One of the basic tenets of my upcoming book Desperately Seeking Parents and of my clinical work represents two sides of the same coin: parents should be in charge of their families and children should submit to their parents’ authority.
Where did I get such a crazy idea?
The answer, which I discuss at length in my book, doesn’t come from science. I don’t need highfalutin research studies to inform my thoughts on this core subject. Rather, it comes from something more crucial to any understanding of child development and solid parenting. Three compelling and authoritative sources grant parents full authority over their children. These sources have commissioned parents to establish themselves as the head of the family hierarchy: God, the government, and, most importantly, COMMON SENSE.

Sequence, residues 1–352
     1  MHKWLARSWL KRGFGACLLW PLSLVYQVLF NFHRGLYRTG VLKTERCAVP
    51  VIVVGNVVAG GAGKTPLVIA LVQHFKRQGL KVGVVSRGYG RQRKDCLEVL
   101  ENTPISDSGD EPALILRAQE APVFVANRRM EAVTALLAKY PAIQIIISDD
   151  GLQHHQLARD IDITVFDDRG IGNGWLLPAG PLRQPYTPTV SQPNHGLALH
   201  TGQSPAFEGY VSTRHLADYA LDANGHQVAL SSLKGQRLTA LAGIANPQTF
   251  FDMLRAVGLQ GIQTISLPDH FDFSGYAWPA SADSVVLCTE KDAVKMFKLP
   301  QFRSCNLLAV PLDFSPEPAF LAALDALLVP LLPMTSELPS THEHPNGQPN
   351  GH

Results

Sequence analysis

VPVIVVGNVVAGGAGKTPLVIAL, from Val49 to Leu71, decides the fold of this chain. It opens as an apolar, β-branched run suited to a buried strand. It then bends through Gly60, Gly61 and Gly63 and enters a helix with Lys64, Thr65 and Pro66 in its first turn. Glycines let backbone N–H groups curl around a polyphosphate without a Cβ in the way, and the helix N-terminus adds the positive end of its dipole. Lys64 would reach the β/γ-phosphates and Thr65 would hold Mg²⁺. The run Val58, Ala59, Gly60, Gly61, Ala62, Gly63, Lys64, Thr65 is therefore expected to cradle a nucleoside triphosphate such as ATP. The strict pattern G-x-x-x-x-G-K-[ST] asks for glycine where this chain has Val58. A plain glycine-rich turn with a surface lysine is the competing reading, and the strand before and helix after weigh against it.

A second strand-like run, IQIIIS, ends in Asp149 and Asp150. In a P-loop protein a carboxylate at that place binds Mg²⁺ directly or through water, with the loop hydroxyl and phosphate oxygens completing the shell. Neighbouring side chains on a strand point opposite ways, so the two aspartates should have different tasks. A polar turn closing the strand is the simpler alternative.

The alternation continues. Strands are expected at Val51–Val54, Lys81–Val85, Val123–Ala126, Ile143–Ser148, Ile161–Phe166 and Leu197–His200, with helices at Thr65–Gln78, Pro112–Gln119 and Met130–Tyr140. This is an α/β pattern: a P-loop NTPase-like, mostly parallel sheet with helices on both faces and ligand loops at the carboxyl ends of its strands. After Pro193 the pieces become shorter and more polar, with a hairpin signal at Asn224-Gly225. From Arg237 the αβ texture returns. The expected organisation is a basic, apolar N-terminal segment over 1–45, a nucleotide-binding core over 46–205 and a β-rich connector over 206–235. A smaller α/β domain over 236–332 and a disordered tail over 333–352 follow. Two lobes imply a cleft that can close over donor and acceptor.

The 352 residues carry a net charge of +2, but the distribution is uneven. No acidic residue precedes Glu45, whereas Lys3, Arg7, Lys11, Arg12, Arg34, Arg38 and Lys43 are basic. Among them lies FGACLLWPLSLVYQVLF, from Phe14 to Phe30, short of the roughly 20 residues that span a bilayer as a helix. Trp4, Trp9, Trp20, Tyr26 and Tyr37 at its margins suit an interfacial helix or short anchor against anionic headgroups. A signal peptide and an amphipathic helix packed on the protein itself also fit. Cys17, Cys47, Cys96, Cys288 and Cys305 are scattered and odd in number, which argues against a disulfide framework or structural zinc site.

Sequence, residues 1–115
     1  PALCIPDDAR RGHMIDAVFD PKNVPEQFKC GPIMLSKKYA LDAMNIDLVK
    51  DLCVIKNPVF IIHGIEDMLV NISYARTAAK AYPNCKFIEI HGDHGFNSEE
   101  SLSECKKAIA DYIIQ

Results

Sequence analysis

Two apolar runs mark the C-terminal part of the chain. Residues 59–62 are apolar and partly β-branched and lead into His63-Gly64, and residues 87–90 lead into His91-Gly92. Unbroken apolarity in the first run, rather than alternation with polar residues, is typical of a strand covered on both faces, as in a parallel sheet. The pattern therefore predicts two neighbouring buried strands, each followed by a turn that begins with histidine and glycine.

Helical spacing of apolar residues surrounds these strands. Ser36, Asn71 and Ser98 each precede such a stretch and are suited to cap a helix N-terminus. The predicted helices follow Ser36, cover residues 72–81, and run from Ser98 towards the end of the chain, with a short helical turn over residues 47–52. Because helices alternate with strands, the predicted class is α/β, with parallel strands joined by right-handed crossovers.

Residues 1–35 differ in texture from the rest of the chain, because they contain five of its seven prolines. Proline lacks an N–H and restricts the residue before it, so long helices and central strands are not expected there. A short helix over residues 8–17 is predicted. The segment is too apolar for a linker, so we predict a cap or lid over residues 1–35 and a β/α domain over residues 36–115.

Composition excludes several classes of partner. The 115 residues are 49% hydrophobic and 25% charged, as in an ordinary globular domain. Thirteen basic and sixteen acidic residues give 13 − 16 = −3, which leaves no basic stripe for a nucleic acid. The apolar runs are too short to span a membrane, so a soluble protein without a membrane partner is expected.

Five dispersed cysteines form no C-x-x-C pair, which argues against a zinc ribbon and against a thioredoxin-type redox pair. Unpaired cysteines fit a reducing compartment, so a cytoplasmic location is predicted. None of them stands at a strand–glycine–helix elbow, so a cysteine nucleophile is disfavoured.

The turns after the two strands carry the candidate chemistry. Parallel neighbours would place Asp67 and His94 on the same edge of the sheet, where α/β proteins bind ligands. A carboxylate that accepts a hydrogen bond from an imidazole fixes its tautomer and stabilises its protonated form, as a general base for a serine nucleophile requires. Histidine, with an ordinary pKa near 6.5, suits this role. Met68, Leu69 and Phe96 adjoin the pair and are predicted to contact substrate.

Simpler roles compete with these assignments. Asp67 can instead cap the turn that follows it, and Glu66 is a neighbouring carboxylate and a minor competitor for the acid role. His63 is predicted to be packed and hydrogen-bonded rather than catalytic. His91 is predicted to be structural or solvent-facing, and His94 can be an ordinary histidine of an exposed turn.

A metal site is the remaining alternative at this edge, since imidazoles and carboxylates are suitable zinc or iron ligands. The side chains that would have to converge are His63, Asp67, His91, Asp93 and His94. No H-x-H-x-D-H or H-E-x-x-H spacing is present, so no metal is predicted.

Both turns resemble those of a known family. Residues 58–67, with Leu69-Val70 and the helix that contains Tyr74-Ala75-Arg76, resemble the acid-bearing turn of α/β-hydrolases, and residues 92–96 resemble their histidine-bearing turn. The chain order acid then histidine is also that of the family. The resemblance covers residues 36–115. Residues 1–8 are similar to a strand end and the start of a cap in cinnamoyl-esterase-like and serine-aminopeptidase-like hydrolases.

Most of the world’s religions expressly command a family hierarchy, with parents in charge. The three largest religions in the Western Hemisphere—Christianity, Judaism, and Islam—all have specific dictums that support parents’ position of authority in the family.
The United States government has both implicitly and explicitly presumed parental authority over their children. While our nation’s Constitution includes little that explicitly supports parental rights, it does offer crucial rights—such as the right to vote—exclusively to adults. Furthermore, any understanding of federal and state law reveals that parents have far more rights than their children.